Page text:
Genetically people with the blood group O are slightly more susceptible to yeast infections, although diet, nutrition and lifestyle also contributes to the aetiology of disease.  Foods which exacerbate candida include refined carbohydrates, carbohydrate rich foods and high levels of sugar.  This makes a lot of sense when you realise that all carbohydrates are digested, broken down into simple sugars – sugar is the building block for all carbohydrates.  Yeast based or fermented foods can aggravate symptoms in people hypersensitive to C. albicans such as vinegar, wine, beer, alcohol, yeast extracts and spreads, mushrooms and blue cheeses.

The immune system can control an overgrowth of candida with the body’s mucosa prevents overgrowth and controlling populations of yeast when healthy; a diet high in sugar combined with a weakened immunity increases susceptibility to infection.  Incomplete digestion, digestive enzyme deficiencies and diets high in refined food can contribute to destructive cycles in internal health. Ingestion of reactive foods reduces metabolism which increased intestinal permeability and reduces the intestinal capacity to digest nutrients; this leads to nutrient deficiencies which weakens the immune system and allows yeast to colonize areas.

C. albicans irritates the intestinal lining via enzyme release causing inflammation which further increases the body’s reactivity to certain foods.  Magnesium, EFA’s and Vitamin B6 deficiencies are common in yeast infections.  Magnesium deficiency leads to inflammation and ischemia in the intestines.  EFA deficiency reduces immunity and the ability of the body systems and increases inflammation. Vitamin B6 and zinc deficiencies can also compromise the immune system.

Increased sugar in the diet, imbalances in blood sugars and metabolism of starches, fats and proteins contribute to C. albicans overpopulation. Stress reduces immunity and mucus secretions and consumes essential micronutrients such as zinc and vitamin C increasing the negative immunosuppressant actions.  As complex beings every action and choice we make can have an impact on health.  Exacerbating factors include sugar-rich foods, hormone contraceptives, steroids and drugs which stimulate yeast production.  Antibiotics which destroy healthy flora, symbiotic bacteria e.g. Lactobacillus acidophilus allowing other nonbacterial pathogens to multiply in its place.  Antibiotics also damage intestinal mucosa: a physiological barrier to yeast infections and part of the innate immune system.  Steroids and the contraceptive pill suppress immunity adding to the problem.  Another contributing factor is amalgam fillings in teeth, due to mercury metal toxicity.

High protein and complex carbohydrates are more beneficial to patients than refined carbohydrates or sugars (although the only carbohydrates that I recommend are fruits and vegetables as they are packed with nutrients).  Proteins are built up of multiple peptide chains of amino acids accessed from the amino acid pool after digestion, complete hydrolysis of proteins take place in the intestines.  Amino acids are rapidly removed from the blood utilised by all cells in the body, especially the liver. Complex carbohydrates take slower to digest than refined products containing higher levels of dietary fibre and starch – but are still relatively new in the history of human diets as grains were only introduced 10,000 years ago – a blink of the eye in evolutionary terms!  Insulin is released in the body to regulate the body’s blood sugars once carbohydrates have been fully digested.  Complex carbohydrates ensure a slower release of sugars enabling blood glucose levels to remain balanced but due to they being relatively new to our diet can cause inflammation and symptoms of food intolerance which are similar to symptoms of candida – attempt an exclusion diet to see if your symptoms improve after reducing your carbohydrate content (remove bread, rice, pasta and pastries – you are allowed potatoes).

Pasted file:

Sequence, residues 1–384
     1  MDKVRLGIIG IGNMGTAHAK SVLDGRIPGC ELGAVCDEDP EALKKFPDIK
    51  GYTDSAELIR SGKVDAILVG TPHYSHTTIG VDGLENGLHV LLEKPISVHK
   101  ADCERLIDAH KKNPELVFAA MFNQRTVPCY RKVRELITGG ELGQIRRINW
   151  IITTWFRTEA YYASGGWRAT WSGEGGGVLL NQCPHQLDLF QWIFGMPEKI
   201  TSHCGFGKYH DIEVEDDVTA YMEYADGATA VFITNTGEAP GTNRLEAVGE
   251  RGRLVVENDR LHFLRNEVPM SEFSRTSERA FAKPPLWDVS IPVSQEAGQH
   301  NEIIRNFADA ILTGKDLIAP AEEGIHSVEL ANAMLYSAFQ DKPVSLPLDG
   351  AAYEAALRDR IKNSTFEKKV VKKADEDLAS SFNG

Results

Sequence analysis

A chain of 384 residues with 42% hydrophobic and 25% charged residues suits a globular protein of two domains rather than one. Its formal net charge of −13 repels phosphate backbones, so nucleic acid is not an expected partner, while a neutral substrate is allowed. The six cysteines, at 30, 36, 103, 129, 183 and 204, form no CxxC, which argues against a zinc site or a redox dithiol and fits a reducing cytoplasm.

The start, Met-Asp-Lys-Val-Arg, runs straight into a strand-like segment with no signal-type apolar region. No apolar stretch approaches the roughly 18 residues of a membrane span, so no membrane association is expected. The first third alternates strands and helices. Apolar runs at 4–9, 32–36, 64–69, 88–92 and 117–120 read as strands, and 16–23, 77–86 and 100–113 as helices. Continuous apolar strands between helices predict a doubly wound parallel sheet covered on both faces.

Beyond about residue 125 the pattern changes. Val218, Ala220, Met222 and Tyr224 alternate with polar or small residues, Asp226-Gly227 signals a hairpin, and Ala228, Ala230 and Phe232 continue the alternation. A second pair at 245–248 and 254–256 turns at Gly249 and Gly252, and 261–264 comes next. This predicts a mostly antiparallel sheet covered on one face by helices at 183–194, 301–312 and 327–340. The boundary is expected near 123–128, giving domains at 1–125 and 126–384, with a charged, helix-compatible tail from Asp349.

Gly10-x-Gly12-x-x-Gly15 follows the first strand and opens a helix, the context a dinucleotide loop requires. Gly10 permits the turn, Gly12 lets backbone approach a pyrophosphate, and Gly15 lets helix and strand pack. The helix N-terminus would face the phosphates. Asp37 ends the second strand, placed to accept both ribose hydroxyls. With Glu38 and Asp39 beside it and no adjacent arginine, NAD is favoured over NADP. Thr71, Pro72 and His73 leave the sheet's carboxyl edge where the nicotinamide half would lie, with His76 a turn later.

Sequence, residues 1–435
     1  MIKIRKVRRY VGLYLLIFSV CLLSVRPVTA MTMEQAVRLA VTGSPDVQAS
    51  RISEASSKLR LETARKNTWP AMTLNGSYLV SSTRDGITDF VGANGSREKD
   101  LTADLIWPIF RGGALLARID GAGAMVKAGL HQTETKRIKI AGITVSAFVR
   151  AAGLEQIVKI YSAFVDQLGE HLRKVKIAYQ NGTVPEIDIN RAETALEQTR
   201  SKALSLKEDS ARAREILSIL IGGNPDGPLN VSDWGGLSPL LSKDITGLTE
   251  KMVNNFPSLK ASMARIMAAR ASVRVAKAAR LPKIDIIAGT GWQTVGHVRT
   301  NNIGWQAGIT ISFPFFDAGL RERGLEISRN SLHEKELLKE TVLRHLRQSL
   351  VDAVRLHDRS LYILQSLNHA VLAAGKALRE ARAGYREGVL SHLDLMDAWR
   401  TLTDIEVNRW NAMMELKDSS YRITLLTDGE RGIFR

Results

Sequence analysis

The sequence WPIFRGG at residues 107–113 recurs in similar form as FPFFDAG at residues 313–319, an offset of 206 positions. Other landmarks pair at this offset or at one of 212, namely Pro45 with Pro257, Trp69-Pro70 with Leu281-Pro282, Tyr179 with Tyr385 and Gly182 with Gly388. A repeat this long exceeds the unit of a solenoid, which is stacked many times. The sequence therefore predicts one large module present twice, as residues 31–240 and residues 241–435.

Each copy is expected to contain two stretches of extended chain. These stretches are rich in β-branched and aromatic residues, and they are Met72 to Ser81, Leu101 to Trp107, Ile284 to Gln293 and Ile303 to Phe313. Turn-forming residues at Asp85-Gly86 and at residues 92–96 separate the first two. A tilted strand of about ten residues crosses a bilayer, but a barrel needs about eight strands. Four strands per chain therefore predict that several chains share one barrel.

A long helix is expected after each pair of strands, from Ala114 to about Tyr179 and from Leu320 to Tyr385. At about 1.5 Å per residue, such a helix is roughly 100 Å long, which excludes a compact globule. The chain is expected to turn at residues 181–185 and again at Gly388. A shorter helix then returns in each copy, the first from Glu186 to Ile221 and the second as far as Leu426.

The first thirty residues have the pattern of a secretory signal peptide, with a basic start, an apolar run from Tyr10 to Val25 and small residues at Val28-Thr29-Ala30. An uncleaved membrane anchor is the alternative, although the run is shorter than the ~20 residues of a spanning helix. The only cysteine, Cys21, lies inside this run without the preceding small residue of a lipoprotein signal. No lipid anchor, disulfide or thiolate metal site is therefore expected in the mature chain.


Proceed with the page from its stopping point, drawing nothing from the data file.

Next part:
EFA’s such as linseed or evening primrose oil are recommended as they are high in omega 3 linolenic acid, a building block for anti-inflammatory prostaglandins and a bulking fibre.  EFA’s are long chain polyunsaturated fatty acids, omega 3, also known as linolenic acid, works as a precursor of prostaglandins.  Omega 6 – linoleic acid is a precursor of most prostaglandins, leukotriene’s and arachidonic acid.  In plain English – Omega 3 is anti-inflammatory and Omega 6 can be pro-inflammatory.  The western diet is high in Omega 6 which is pro-inflammatory.  Physical characteristics of EFA deficiency include dry flaky skin, brittle nails and straw like hair – does this sound like you?  Vegetable oils have disturbingly high ratios of omega 6, swap them for fruit oils such as olive oil and coconut oil and swap your margarine for butter too!! Just remember the portion size for fat is the size of an average dice.

Garlic is beneficial for reducing yeast overgrowth, it modulates the cardiovascular system, boosts immunity, and is anti-fungal and anti-oxidant.  Anti-microbial effects of garlic against C. albicans can be attributed to its constituents – diallyl disulphide and allyl alcohol.  Vitamin C is also beneficial as it detoxifies the body and enhances immune function, 200mcg daily of chromium normalises blood sugars, ginger helps by stimulating the circulation and grapefruit seed extract helps to clear yeast and other pathogenic microflora without disrupting the beneficial flora in the intestines.  This is just the tip of the iceberg of beneficial foods and supplements to help with candida overgrowth.